Check-Kiting Scam Targets Virginia Nonprofits

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February 2, 2016; WTVR-TV (Richmond, VA)

The Better Business Bureau reports that more than two dozen Virginia nonprofits were sent an email by someone in England, unknown to the organizations, offering a $30,000 donation. Since the 1980s, such letters or emails, often referred to as “419” scams, have been used to induce unsuspecting individuals and nonprofits to send money abroad to pay foreign taxes or fees in exchange for the promise of releasing vastly larger sums to the person or group.

This recent scam is a little different. Shortly after the email is sent and contact established between the foreign individual and the nonprofit, the nonprofit receives a check for $40,000, not the promised $30,000. However, as Adam Kennedy, Executive Director or SwimRVA (one of the targeted charities) reports, another email arrives at the same time as the check. The second email explains that the overpayment is the result of a clerical error and asks the nonprofit to send back the extra $10,000. Kennedy tore up the check made out to his organization, but other nonprofits tried depositing their $40,000 check, only to have it bounce. The nonprofit could deposit the check and not know for several days that it had not been honored, during which time they might assume all is well and send the $10,000 “refund,” money likely never to be seen again.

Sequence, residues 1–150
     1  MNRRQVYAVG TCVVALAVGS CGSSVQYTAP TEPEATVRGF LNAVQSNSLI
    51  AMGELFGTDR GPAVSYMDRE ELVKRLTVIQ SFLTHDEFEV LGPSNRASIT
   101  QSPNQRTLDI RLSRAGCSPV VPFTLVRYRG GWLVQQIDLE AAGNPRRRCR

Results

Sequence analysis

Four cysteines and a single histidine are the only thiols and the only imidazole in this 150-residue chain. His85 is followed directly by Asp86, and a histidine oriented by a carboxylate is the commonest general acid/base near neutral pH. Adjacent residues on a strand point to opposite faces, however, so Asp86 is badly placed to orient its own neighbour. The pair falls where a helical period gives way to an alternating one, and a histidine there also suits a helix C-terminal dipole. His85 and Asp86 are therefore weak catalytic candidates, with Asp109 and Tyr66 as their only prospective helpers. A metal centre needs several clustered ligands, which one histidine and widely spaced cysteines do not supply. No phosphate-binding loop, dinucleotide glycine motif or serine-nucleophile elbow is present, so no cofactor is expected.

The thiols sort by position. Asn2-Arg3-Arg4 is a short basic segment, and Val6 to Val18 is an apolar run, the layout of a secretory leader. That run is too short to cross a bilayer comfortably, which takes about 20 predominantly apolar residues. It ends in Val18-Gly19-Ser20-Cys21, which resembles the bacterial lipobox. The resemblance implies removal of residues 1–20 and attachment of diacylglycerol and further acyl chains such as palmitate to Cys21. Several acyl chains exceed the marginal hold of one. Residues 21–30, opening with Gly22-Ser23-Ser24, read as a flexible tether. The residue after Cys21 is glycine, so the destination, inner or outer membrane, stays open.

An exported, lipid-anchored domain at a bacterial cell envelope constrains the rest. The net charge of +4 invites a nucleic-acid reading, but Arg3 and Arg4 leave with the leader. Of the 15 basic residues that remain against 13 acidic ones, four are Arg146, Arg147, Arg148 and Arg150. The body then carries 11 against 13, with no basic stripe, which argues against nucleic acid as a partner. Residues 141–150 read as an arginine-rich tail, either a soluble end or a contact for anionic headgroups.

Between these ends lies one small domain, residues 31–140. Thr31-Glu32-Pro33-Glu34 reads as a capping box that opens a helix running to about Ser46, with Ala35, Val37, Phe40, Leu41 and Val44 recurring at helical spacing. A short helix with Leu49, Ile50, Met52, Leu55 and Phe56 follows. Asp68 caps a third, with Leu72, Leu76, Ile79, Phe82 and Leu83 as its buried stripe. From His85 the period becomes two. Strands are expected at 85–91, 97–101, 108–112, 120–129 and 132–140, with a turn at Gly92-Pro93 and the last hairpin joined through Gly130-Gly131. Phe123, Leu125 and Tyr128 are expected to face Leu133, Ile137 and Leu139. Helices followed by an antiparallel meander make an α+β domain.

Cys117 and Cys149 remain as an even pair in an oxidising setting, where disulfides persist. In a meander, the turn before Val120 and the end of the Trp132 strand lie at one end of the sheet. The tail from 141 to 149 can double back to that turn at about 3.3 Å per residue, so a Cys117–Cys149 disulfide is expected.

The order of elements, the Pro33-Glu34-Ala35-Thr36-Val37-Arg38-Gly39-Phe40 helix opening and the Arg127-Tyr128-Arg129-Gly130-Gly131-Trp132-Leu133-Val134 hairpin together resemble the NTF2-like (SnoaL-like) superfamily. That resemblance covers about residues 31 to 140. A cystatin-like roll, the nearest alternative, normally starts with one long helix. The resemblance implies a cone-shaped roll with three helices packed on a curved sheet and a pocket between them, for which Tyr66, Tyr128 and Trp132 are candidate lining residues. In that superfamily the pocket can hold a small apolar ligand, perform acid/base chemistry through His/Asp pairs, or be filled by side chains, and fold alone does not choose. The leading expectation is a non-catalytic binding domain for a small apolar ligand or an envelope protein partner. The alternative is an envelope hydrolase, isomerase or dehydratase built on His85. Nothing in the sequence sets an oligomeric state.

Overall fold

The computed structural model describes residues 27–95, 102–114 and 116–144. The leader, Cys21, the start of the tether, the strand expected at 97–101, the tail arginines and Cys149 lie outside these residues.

A BBB representative says, “You’re not going to get a contribution for $40,000 unless you’ve been working that. These things don’t just happen.” We all know that if something seems too good to be true, it’s time to be cautious. Of course, nonprofit fundraising lore is replete with stories of large gifts received from previously unknown donors. While rare, these legitimate gifts happen just often enough to allow unsuspecting nonprofits to be deceived by scammers while hoping they’ll be one of the few to be touched by an angel donor.—Michael Wyland

  • bikesfortheworld

    Bikes for the World (in Northern VA) was approached as well, via email. The approach, and the absence of any such business or individual in an on-line search, was of course a red flag. However, we replied stating that we would welcome support. When asked in a follow-up email how we wanted the donation to be made, we played along and replied asking for an on-line donation (which would have required a valid credit card), or a certified check mailed to us in the United States. The “certified check” we received via courier was a low-quality facsimile and its counterfeit nature readily confirmed at the U.S. bank on which it was supposedly drawn. The scammer is now out the investment in the international courier fee.